For a variety of reasons, I’ve cut way back on the number of gaming books I’ve bought over the past year — and as a bookworm who never has enough space for all of my books, and whose wife drops regular hints that her Kindle really cuts down on the impending need for additional shelves, that feels pretty weird.

As a GM, I’m used to buying a lot of books for games I run. That’s always made sense to me: I need more of them than my players, and I need them in between sessions, not just at the table, so I want my own copies. I also love reading and owning books, so I rarely need much of an excuse to pick up a new one.

So why the hiatus? It’s not really intentional: I didn’t wake up one morning and say, “I’m going to stop buying gaming books for a while.” It just happened.

Looking at my personal whys raises some interesting GMing questions, which we’ll get to in a moment. Here are the three main whys, first:

  1. Lack of need. I own almost every book for the Star Trek RPG that I’m running right now, and all of the pertinent books for my group’s on-deck Birthright Campaign. If I buy a gaming book these days, it’s a) out of pure personal interest (“Diaspora looks amazing!”), b) for intended future use (“I want to run this someday”), or c) because it fills a new niche (a system-neutral supplement, for example). “Ooh, shiny!” is not a consideration right now.
  2. Dead product lines. Birthright and Star Trek are dead, so there’s no new product clamoring for my wallet’s attention. I’m used to playing mainly in-print games, so this is a new one for me — and, in some ways, the weirdest aspect of this situation. I like buying books for the games I play, and not being able to feels wrong somehow.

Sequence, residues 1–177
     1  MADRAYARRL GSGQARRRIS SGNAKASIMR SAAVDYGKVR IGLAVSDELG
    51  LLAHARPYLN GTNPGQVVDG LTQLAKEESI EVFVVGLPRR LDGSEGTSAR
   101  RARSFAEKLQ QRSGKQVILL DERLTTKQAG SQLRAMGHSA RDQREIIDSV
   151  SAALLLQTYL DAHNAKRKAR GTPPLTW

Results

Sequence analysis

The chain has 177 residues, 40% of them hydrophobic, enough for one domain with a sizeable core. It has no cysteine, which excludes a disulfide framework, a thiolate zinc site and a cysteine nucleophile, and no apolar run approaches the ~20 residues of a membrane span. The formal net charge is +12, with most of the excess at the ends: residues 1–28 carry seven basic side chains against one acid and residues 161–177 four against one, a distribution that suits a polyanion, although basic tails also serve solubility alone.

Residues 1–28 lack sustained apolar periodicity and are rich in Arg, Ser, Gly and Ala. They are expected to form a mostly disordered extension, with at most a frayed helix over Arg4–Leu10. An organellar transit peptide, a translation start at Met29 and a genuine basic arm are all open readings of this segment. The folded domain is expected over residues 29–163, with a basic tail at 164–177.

3. Lack of time. This is the biggie: I have a stack of unread gaming books, unread non-gaming books, unplayed video games, and unplayed board games — and let’s not talk about all of the RPGs I’ve owned for years, or decades, and never gotten around to playing. Time is precious and scarce right now, and if I can’t handle what’s already on my plate, why add to the problem? Or, at least, why add to it at a breakneck pace — I mean, I’m a geek, so of course I’m going to keep collecting geek stuff…

I expect #1 and #2 to change as time marches on: we’ll start playing an in-print game, or I’ll run into a GMing situation I want printed help handling, and books will begin finding their way onto my shelves with greater frequency again.

But #3? That doesn’t seem likely to change anytime soon, as I march into my mid-thirties, my daughter gets older, and my life as a whole gets busier. So does that mean I’m looking at a bleak future in which I buy gaming books only rarely?

That…well, that sounds…awful. Awful!


So, the GMing questions:

  1. Are you in a similar boat, usually an avid book-buyer and no longer buying as many gaming books as you used to?
  2. How come?
  3. How many books do you need to run a good game? (Boy is THAT a loaded question!)
  4. As a GM, can you ever have enough gaming books?

#1 and #2 are more personal, but #3 and #4 are much more general — and, I think, pretty weighty questions.

My answers to the last two questions are “3. Enough to give me lots of ideas, and lots of places to go for new ideas, as well as enough resources to cover my bases nicely. ‘Enough’ varies from game to game: I used snippets of a dozen Mage books for my last campaign, but need fewer books to run Star Trek.” and “4. Nope!

How about you?